Wisconsin, like many states in the US, has a major DUI problem. And repeat offenders are number one on that list. According to statistics and estimates from drunk driving attorneys in Wisconsin, more than one third of the people who get caught for a DUI violation have been caught before.

Police officials in Wisconsin are always at high alert looking out for offenders, but people usually lie. Now a new system of detection that uses biomarkers to find out and predict which of the drunken drivers are at a risk of violating the law again can prove to be very useful to the authorities if it proves to be successful.

Current approach to lowering repeat offenses is not perfect

The current system of finding and predicting repeat offenders is by asking violators about their drug and alcohol abuse. But it is often seen that these people lie, probably in order to get out of the prison as quickly as they can or to ensure they are given a lighter sentence than they deserve. Blood tests too are variable, as alcohol residues leave the body within a few hours. Hence only samples collected immediately after the arrest will give any reliable indication of the accused’s actual BAC.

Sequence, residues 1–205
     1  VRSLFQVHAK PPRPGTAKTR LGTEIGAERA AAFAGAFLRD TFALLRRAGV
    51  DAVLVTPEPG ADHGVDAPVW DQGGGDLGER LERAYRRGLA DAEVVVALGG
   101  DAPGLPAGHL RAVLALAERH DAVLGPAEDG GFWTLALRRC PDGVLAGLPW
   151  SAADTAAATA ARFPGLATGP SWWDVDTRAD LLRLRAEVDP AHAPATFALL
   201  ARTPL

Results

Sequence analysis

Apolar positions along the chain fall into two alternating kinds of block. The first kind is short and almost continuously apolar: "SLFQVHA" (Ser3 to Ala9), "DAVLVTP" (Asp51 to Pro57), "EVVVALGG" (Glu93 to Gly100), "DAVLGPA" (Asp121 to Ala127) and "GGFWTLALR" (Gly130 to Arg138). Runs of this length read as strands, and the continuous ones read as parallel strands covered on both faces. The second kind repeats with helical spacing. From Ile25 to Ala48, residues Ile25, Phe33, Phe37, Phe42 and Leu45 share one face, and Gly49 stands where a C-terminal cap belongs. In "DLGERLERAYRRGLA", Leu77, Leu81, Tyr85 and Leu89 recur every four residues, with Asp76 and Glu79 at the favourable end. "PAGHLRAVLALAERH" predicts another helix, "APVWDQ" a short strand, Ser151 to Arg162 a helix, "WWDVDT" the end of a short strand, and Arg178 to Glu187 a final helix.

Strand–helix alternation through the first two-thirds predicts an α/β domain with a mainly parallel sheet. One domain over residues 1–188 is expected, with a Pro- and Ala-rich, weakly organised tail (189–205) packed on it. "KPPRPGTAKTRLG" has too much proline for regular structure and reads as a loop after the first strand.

Biomarker approach already being used in Europe

So, a handful of counties in Wisconsin decided to take a novel approach to the whole task and employed a method that some European countries have already decided to use. Even if a person lies about his or her drug use and drinking habits, the body does not. And by using biomarkers to detect and predict substance abuse in drunken drivers, the counties hope to use more reliable evidence to bring down the statistics of repeat violations in the state.

 

The biomarker system works by testing molecular evidence stored in nail and blood samples for alcohol biomarkers. Researchers also say that using the biomarker method to make predictions and treat repeat offenders helps them stay sober for longer than traditional treatment of counseling methods does. Drunk driving attorneys say that if this method proves successful on a large scale, it can save the state of Wisconsin a large amount of money, besides making the roads safer for everyone.

Focusing on the person, not just the numbers

The traditional approach in the state, as in most of the places in America, has been to go tough on the legislation or on the penalties to make changes in the statistics. But Wisconsin has proved that a true and effective approach to treating the problem of repeat offences has to go beyond the numbers and look at the person behind it all.

The goal of the biomarker approach, is not to pinpoint fingers but to learn the history of a repeat offender and use that intimate knowledge to keep them sober so that these repeat offenders can keep themselves and the others sharing the roads with them safe and out of trouble.